Though there are many differences between the two silent films Birth of a Nation, directed by D. Griffith, and The Battleship Potemkin, directed by Sergei Eisenstein, it is their similarities that are most intriguing. Both directors were attempting to get the audience to take an active participatory role while watching these films. Both directors chose to integrate historical events as well as symbols into their storylines. Griffith in particular relies much on this method, while Eisenstein breaks new ground with his introduction of the montage. .
The portrayal of historical events in Birth of a Nation is intended to have a dual affect on the audience. First and foremost it forces them to become drawn into the film because of their own sense of history and how they personally relate to it. For instance the tableau of President Lincoln is in his office signing documents, then again during his assassination, we see our main characters right there with him. Eisenstein uses real events to draw his viewer in as well. For example the mutiny on the Potemkin truly happened, though the Odessa Step Sequence was completely fabricated. .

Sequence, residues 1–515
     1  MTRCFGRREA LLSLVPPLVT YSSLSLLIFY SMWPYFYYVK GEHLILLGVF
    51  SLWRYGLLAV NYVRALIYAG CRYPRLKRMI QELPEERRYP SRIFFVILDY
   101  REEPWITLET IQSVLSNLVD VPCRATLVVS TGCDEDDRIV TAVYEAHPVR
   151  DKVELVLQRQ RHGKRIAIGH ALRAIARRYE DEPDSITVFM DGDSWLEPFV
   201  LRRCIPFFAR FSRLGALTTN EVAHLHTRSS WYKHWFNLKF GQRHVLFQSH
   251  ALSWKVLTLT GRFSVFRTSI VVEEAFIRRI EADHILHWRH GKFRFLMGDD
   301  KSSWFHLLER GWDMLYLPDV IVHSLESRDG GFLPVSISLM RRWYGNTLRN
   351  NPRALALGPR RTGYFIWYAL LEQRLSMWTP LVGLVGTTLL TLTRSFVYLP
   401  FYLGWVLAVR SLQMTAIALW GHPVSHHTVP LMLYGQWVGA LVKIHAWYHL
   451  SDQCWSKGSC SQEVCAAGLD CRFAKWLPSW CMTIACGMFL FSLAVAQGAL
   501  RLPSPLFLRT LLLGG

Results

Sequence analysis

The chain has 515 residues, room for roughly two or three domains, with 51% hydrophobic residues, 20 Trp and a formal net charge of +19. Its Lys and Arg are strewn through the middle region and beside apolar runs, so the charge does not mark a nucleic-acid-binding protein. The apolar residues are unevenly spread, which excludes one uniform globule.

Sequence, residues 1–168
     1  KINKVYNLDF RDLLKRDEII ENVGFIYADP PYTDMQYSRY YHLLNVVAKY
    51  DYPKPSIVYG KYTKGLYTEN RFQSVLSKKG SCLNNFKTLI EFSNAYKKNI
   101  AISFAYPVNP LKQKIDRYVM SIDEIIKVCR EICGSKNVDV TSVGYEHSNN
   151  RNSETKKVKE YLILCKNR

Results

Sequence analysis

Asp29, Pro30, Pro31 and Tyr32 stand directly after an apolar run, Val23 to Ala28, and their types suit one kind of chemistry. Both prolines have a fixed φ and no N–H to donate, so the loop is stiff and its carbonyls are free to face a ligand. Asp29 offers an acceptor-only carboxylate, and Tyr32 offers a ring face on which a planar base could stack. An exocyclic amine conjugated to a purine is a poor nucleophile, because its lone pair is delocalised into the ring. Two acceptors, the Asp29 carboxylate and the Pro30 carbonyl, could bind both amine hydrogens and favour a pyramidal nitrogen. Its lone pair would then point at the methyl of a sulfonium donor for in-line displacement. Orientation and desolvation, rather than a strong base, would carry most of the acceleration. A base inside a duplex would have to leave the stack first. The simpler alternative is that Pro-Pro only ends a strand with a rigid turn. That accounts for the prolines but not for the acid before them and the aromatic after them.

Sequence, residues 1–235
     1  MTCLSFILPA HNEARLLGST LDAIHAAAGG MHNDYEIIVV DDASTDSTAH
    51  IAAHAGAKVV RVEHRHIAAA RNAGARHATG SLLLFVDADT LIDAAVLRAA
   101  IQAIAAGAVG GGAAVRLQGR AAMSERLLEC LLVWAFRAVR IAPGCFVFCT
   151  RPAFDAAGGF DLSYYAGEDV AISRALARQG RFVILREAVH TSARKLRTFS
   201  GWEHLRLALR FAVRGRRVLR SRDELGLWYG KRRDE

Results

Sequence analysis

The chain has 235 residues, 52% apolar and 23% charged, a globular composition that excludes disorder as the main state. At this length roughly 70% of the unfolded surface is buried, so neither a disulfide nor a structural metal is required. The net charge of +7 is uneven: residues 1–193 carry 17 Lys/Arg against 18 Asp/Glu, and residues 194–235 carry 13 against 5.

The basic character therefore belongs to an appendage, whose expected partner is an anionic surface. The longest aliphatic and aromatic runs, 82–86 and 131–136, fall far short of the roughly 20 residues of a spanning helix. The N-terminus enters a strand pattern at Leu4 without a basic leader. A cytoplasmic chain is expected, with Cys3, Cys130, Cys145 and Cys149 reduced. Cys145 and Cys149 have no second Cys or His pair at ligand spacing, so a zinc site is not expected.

Griffith is found of using animals to symbolize ideas. The perfect example of this is when we see a close-up of Lillian Gish's face followed by a straight cut to a close-up of a squirrel. Here Griffith is making a connection between the innocence and delicacy of a white southern girl and that of a squirrel. Eisenstein is a bit more subtle. He uses a boiling pot during a montage to symbolize the increasing excitement of the men prior to battle. Both of these instances are intended to force the viewer to react, therefore becoming involved.
Eisentien, however, raises the bar when he introduces a powerful new cinematic tool: the montage. Though he is the first to use this potent new device he uses it very effectively throughout the entirety of the film. The first montage we see is a double-hitter, in that it is demanding the audience's attention on at least two levels.